WEST VANCOUVER, B.C. -- Australia's Torah Bright won the gold medal in the Olympic women's halfpipe Thursday, defeating American Hannah Teter during a pressure-packed second run.
Bright fell during her first run of the finals, meaning there was no room for error the second time. She stuck all five of her jumps for a score of 45 points, 2.6 better than Teter, the defending Olympic champion.
"I was like, 'Oh well, can't change that,'" Bright said of her first run. "I got up to the top and I tell myself the same things going into any run, any event. It's just to have fun." American Kelly Clark, the 2002 champion, won bronze.
Bright, the 23-year-old originally from Cooma, Australia, won without trying the "double cork," a double-flipping jump she had been practicing all year. The jump is increasingly popular among men but has not yet been tried by a woman in competition.
But winning was more important Thursday than making history and Bright was more than good enough to do that on a night when all the other top contenders fell.
That included 2006 silver medalist Gretchen Bleiler, who fell once while trying her inverted 720 on the first run, then again on the second when the nose of her board caught the lip and she landed hard then crashed back into the halfpipe.
Bright fell on her first run while she was trying a switch-backside 720, a two-spin jump during which she spends most of her air time with no view of the wall. It's an amazingly difficult trick that most men will not try.
The fall left Bright with a score of 5.2, in last place, which forced her to rush back up the hill and go first in the second round. She dusted herself off, did the same progression of tricks, landed them all, then waited for nearly 30 minutes to see if someone could beat her.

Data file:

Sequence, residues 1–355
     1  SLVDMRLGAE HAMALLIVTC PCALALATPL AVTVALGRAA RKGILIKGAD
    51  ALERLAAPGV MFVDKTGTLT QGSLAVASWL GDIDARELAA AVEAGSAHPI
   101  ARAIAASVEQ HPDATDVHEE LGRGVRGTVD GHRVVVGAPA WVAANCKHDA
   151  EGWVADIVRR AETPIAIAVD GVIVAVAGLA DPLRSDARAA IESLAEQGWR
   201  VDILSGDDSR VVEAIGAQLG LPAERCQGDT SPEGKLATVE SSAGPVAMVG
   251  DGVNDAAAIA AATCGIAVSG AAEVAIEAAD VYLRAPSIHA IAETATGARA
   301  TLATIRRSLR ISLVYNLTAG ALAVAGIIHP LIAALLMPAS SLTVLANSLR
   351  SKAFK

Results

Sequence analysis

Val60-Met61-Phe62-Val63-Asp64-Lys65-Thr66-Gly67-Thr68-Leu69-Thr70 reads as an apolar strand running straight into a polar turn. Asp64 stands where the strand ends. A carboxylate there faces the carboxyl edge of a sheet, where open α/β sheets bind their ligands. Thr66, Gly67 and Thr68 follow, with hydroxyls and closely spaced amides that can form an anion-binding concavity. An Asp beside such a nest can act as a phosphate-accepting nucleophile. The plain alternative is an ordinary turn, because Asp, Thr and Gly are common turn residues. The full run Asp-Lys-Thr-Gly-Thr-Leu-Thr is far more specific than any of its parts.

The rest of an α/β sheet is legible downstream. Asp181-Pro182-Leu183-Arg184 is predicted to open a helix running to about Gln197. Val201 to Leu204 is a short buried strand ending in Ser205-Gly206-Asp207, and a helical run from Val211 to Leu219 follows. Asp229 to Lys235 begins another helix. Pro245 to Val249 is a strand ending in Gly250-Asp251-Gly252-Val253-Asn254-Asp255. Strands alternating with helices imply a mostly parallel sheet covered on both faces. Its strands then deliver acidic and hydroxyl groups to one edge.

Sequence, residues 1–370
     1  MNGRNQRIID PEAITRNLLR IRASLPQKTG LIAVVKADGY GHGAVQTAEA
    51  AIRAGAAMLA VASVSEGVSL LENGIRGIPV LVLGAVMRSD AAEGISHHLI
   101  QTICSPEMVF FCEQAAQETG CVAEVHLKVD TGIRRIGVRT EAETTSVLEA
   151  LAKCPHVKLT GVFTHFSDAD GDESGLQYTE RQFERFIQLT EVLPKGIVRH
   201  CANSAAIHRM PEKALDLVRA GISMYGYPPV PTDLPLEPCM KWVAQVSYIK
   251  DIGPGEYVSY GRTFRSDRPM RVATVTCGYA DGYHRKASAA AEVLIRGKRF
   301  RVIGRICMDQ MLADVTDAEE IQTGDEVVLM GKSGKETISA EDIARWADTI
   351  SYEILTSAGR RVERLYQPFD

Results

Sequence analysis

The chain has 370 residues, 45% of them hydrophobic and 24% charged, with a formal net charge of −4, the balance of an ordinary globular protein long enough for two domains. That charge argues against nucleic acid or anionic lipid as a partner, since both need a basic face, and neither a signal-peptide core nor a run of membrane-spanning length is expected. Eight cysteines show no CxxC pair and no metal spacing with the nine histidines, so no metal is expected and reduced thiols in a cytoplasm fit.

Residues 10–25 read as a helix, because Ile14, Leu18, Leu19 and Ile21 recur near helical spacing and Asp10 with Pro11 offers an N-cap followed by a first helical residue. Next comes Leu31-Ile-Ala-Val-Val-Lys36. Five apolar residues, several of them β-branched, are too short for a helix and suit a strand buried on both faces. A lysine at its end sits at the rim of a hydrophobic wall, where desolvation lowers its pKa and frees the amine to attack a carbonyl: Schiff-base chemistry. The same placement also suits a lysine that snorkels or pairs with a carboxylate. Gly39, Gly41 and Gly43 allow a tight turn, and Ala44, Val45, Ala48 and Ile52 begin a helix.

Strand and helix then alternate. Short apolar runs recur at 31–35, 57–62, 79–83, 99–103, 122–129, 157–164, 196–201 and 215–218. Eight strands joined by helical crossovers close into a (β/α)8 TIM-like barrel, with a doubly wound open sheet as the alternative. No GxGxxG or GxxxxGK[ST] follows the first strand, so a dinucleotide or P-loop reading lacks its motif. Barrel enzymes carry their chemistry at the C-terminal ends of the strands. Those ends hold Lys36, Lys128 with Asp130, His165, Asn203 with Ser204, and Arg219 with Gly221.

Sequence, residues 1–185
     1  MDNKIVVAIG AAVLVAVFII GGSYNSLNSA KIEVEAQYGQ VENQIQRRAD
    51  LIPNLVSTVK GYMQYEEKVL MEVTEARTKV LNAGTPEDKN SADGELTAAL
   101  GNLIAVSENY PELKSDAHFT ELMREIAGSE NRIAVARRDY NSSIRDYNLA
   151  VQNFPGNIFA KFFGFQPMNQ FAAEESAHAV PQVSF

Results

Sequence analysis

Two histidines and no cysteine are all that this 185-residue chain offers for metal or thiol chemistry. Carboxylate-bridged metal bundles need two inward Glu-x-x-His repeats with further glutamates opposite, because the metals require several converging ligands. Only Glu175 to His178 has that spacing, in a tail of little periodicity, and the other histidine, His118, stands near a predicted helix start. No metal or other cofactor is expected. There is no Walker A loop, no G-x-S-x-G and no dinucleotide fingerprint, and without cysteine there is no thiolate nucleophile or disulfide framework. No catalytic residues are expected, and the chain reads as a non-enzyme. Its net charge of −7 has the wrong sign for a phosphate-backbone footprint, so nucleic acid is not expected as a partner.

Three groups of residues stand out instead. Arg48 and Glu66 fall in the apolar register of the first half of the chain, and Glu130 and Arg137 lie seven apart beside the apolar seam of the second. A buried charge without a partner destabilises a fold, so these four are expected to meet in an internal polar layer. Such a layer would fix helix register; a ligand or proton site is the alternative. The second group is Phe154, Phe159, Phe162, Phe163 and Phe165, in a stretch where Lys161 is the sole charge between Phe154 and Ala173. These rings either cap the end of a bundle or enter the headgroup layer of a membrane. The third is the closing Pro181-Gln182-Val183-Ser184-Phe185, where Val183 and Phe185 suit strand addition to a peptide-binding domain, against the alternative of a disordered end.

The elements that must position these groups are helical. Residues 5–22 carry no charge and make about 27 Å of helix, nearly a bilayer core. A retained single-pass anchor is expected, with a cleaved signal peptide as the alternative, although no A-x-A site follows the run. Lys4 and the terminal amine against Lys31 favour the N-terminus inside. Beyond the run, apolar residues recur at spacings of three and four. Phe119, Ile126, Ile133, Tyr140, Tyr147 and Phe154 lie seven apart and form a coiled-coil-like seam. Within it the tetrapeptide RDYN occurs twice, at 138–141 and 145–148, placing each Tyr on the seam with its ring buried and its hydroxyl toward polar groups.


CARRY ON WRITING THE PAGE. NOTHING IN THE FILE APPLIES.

Nobody did, and when Teter closed the night by losing speed toward the end of her trip, giving her no chance to soar high above the pipe, the gold was Bright's.
She shared a long hug with her brother and coach, Ben, and Australia -- a land not known so much for its snow sports -- had its first gold of these Winter Games.
A few minutes later, she received a congratulatory phone call from Australian Prime Minister Kevin Rudd.
"It means every girl in Australia is going to want to buy a snowboard," said Bright's teammate Holly Crawford.
The women's contest was much closer than the men's a day earlier, which turned into the Shaun White show.
Like White, Bright has long had the daring to push the women's side of the sport to a new level; her big problem has been staying healthy enough to do it.
At the Turin Olympics four years ago, she felt her shoulder pull out of joint on the first jump of her first run in the finals and she has suffered a string of injuries since.
While she was fit, she won the Winter X Games in 2007 and 2009.
Finally, she had to submit to surgery. Working her way back into shape for the Olympics, she discovered she could pull off two flips.
She was working on it, but suffered a setback when she slammed her head on the pipe twice over three days of practice at the X Games last month.Copyright 2010 by The Associated Press This story is from ESPN.com's automated news wire. Wire index »